If you’re hurt in a car accident, your physical injuries may heal fairly quickly. But the accident could also trigger long-lasting psychological injuries – for which you could be entitled to compensation.
In a recent case, Tess (names changed) stood at an intersection one Friday, waiting to cross. She was struck by Mike’s speeding car, which ran a red light. The impact lifted Tess off her feet. Her head and shoulders hit the windshield and she flew some 15 feet up in the air, landing about 20 feet away.
ICBC admitted Mike was to blame for the accident, but disagreed that the accident caused Tess’s post-accident psychological difficulties.
Tess’s recollection of the accident was hazy. She was taken to hospital by ambulance. Tests were done and she was sent home with her parents. The next Monday, Tess went back to teaching, but due to pain and exhaustion, she took almost three weeks off work. She completed her teaching term in June, and for another year taught part-time. But she then took consecutive leaves of absence from the Langley school board over the next three years. She mostly did tutoring and other less demanding tasks during this time.
Overall, Tess suffered surprisingly minor physical injuries from the impact. Apart from her head injuries, her body showed some bruising, and she had chest and back pain and neck issues. All her external physical injuries healed fairly quickly and fully though.
But that wasn’t the case with her psychological injuries. Tess said her “complicated” (or persistent) mild traumatic brain injury (MTBI) from the accident led to her three-year leave of absence from the school board. She also said her personality and ability to function had been impaired, dimming her future employment prospects too.
ICBC admitted Tess suffered an MTBI from the accident but argued it didn’t lead to permanent or long lasting psychological damage – there were other reasons for Tess’s leaves of absence and her current mental condition.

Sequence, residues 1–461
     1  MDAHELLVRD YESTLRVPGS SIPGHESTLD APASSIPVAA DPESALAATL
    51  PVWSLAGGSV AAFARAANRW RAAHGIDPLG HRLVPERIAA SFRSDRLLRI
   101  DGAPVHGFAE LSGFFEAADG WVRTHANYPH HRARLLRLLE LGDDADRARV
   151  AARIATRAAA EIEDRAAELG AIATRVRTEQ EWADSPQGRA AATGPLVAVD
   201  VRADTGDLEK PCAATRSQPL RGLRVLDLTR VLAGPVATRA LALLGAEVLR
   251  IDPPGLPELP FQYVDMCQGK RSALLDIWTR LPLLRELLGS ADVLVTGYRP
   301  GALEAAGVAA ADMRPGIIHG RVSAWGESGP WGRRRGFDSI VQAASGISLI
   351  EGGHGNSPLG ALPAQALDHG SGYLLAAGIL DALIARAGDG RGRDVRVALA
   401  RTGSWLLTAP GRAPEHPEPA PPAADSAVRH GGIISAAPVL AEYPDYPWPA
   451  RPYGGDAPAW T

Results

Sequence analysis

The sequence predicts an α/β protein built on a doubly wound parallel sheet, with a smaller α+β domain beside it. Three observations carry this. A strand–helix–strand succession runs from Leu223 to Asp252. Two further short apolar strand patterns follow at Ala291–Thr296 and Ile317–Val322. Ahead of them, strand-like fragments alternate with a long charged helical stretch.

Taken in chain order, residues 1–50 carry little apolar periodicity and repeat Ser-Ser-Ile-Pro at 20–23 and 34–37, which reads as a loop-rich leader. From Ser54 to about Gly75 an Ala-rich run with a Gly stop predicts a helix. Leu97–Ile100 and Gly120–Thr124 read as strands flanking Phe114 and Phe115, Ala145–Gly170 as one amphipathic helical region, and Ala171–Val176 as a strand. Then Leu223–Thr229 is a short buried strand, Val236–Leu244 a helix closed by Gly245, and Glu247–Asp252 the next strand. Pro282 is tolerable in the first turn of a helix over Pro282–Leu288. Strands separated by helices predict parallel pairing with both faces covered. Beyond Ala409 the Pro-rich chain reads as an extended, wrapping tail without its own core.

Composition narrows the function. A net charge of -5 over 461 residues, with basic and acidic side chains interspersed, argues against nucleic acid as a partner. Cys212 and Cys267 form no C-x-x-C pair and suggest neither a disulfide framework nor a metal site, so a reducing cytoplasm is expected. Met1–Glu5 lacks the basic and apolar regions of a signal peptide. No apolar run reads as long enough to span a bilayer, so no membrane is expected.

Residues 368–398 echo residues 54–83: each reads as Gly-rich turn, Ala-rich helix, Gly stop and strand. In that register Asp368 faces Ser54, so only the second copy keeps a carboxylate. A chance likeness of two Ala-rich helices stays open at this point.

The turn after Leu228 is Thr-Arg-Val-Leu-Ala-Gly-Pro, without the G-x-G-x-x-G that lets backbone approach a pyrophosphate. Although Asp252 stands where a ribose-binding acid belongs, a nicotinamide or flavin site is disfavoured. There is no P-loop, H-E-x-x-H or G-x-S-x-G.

Years before the accident, Tess had worked in Africa with young children and found that work very meaningful. When she returned home she regained her teaching credentials but had some readjustment issues. The work wasn’t as meaningful she felt, and she had trouble coping with teaching in the normal prescribed environment, rather than her preferred Montessori environment, even before the accident. ICBC argued it was psychological issues pre-dating the accident that caused her ongoing difficulties.
The court pointed out that “mild” traumatic brain injury” is a misleading, relative term – it’s really a serious brain injury that can sometimes persist. Tess wasn’t exaggerating her problems after the accident. Her coping skills, energy and performance as a teacher suffered after the accident. She became irritable, and compared to before, her memory, concentration and mental function were impaired. She also became depressed and socially isolated. The car accident was a cause of these emotional and mental problems, though not the only cause.
The court decided Tess had sustained a complicated MTBI and awarded her about $700,000 in total compensation.
Janice Mucalov, LL.B. for Gertsoyg & Company. This column provides information only and must not be relied on for legal advice. Please call Gertsoyg & Company at (604) 602-3066 for a free legal consultation concerning your particular case.